Are APIs Overexposed and Under Protected?

Shreyans Mehta

Author: Shreyans Mehta, Co-Founder & CTO, at Cequence Security

Application Programming Interfaces (APIs) are the building blocks upon which many of the digital products and services we now consume are based. They have all but superseded web applications; however, their very popularity has proven to be a magnet to attackers. APIs are rapidly becoming the number one target for malicious use, with Gartner predicting that this year will see API attacks become the most frequent attack vector. So, what are businesses doing to protect themselves and is it sufficient?  

APIs are prime targets for automated attacks and business logic abuse because they enable high speed communication to back-end systems, which means they provide fast track access to systems and data. Research carried out by Cequence between June to December 2021 showed the exposure of sensitive data such as payment card or Personally Identifiable Information (PII) had increased by 87% compared to the previous year. 

Recognizing that APIs can provide rich pickings, many attackers are now upping their game and looking for APIs with coding errors like weak authentication or non-conformance with specifications that in turn enable data theft, or system compromise. Issues with the code may not have been picked up during development due to the rush to deploy the API or perhaps older versions have persisted on the network as new APIs were spun-up, creating so-called zombie or shadow APIs. 

One of the biggest problems is knowing just how many APIs are in play, as few organizations keep an accurate inventory. This on top of the fact that APIs make it easier to execute automated attacks are key reasons why APIs are top of mind for any CxO. Traditional security offerings like web application firewalls and/or API gateways provide some level of protection, but lack the in-depth capabilities to detect, analyze and protect the continuous deployment of APIs. 

Web application firewalls

Web application firewalls are engineered to monitor, filter and block malicious activity by looking at signatures within web traffic. They’re used to detect known vulnerabilities as described in the OWASP Web Application Top 10 Threats list and are great for preventing SQL injection, cross site scripting attack or remote code execution, for example, or to address PCI DSS section 6.6 requirements.

But if we look at the OWASP API Security Top 10 Threats, it’s a different story. These aren’t signature-based and include issues with the code itself, from broken object level authorization/user authentication/function level authorization to improperly implemented rate limiting, mass assignment and misconfiguration, to name but a few. In fact, the only cross-over are injection attacks. Moreover, because web application firewalls tend to be used to monitor specific systems such as CMS, their focus is narrow. They struggle to find and block attacks that to all intents and purposes appear legitimate.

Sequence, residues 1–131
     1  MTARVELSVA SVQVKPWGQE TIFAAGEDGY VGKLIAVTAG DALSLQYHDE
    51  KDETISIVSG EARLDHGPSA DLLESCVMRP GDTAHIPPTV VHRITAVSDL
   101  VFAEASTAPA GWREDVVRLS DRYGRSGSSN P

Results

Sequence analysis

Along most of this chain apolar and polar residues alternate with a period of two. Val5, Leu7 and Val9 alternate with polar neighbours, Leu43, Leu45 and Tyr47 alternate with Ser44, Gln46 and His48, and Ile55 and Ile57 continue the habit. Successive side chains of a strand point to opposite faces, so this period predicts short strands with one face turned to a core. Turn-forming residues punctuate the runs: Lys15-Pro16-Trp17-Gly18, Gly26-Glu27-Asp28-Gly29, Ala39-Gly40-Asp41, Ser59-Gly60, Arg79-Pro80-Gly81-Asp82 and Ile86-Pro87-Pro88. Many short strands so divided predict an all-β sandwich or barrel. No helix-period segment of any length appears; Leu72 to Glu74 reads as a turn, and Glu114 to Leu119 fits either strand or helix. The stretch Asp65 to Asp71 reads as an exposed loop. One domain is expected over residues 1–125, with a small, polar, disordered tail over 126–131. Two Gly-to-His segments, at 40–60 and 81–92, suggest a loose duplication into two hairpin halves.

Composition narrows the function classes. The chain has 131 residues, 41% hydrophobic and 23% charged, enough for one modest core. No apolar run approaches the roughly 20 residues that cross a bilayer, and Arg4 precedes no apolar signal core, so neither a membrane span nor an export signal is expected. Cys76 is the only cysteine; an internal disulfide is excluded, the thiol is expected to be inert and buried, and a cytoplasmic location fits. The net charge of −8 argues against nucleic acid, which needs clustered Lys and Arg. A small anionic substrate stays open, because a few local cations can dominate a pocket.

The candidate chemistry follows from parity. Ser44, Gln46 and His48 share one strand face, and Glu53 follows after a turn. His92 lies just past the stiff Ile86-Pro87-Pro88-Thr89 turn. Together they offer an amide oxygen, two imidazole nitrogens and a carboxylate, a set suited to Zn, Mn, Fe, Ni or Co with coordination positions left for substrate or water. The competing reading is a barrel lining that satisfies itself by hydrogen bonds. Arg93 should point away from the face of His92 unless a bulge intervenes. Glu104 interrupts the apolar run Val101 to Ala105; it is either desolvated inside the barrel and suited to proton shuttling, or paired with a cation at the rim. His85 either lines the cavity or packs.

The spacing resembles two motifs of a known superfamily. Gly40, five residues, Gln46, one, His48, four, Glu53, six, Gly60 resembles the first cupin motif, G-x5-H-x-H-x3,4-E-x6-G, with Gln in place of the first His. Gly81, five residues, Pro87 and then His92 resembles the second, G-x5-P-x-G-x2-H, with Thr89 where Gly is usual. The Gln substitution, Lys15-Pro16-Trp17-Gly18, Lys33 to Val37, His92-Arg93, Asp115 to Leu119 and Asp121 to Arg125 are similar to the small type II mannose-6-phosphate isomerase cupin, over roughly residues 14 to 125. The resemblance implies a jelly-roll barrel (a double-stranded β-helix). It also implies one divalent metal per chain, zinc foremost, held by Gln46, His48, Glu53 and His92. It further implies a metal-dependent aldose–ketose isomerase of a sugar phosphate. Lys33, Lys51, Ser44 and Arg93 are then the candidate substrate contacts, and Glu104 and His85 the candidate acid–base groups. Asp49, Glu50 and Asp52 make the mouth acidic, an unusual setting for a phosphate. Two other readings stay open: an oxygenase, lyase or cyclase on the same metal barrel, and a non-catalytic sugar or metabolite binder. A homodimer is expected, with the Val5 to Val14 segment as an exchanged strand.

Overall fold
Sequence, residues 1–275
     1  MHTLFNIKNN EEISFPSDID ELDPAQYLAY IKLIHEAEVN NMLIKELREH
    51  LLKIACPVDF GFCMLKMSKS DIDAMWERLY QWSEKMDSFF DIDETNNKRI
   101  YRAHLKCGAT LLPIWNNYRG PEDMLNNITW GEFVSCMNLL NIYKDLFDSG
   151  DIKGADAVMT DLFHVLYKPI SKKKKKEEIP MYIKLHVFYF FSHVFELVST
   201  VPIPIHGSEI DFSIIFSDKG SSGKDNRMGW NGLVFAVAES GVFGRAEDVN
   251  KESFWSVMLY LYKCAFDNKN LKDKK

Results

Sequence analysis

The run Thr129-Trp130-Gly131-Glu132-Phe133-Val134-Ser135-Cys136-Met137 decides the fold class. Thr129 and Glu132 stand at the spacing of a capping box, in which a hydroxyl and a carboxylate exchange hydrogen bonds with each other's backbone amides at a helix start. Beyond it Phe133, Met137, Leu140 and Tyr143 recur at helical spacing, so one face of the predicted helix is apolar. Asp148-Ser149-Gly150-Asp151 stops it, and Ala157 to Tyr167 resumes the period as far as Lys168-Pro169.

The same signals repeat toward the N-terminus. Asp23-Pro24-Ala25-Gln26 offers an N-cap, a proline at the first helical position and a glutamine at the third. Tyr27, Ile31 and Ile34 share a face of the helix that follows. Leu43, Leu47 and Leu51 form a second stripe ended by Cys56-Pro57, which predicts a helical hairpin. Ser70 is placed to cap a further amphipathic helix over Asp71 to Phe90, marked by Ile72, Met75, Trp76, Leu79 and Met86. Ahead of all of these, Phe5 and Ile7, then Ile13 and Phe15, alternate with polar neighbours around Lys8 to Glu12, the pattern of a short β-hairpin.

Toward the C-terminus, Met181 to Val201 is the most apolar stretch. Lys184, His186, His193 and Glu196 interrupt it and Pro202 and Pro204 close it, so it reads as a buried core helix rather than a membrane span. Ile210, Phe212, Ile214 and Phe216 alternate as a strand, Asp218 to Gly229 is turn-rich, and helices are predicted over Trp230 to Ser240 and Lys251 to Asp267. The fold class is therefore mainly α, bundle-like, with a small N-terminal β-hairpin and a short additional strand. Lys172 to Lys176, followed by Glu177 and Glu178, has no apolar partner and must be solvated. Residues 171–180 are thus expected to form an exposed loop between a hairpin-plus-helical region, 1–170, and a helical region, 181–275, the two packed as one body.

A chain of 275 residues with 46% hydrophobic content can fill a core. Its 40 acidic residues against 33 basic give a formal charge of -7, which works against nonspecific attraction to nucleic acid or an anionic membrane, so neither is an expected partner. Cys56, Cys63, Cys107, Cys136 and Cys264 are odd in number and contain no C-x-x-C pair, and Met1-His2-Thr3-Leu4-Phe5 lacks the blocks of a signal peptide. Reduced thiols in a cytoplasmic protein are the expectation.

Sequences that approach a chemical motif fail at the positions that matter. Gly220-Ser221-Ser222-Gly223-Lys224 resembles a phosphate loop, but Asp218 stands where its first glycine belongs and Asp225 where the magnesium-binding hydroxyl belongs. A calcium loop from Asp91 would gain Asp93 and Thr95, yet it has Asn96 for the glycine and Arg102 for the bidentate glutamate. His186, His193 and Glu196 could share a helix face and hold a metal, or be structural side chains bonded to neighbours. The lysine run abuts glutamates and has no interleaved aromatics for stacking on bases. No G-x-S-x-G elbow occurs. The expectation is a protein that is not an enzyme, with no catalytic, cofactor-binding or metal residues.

Also Read: Four Best Practices for Securing APIs from Data Breaches and Attacks

API Gateways

API Gateways are designed to help organizations aggregate and manage APIs providing access control and basic security functions such as HTTPS termination, rate limiting and IP block lists. They are reactive in nature, requiring developers to register the APIs to be managed and are often deployed within the infrastructure, at a department level, or in a cloud environment. While they can help improve security between internal services, they have also been criticized because they create a single point of entry to the APIs and therefore a single point of failure. 

While both provide some level of protection, they fail to meet many API security requirements. But there are steps you can take to significantly improve protection. Firstly, visibility is key. What you can’t see, you can’t secure, so conducting an inventory of public and internal APIs and keeping it up to date through continuous tracking is a must. You should also assess your risk and determine if your APIs have sensitive data handling or authentication coding errors and validate conformance to the API specification in use.

Thirdly, it is necessary to detect threats hiding in plain sight. Automated detection that utilizes machine learning and acts on threat intelligence on behaviors and malicious IP addresses etc. can enable the business to fight fire with fire. 

Finally, we want to be able to respond at computing speed to prevent the attacker from scraping endpoints of sensitive data. So when selecting a vendor, ask if response options include blocking, rate limiting, geofencing, forwarding, and deception. That last point is particularly useful as it can be used to convince the attacker that they have been successful, deflecting the attack or at least delaying it.

To conclude, it’s important to note that both web application firewalls and API gateways can confer some level of protection on APIs but organization should be mindful of their limitations. Supplementing this provision with a runtime inventory, risk assessment, policy enforcement, threat detection and prevention can substantially improve security and help protect APIs against the barrage of persistent attacks they are increasingly being subjected to. 

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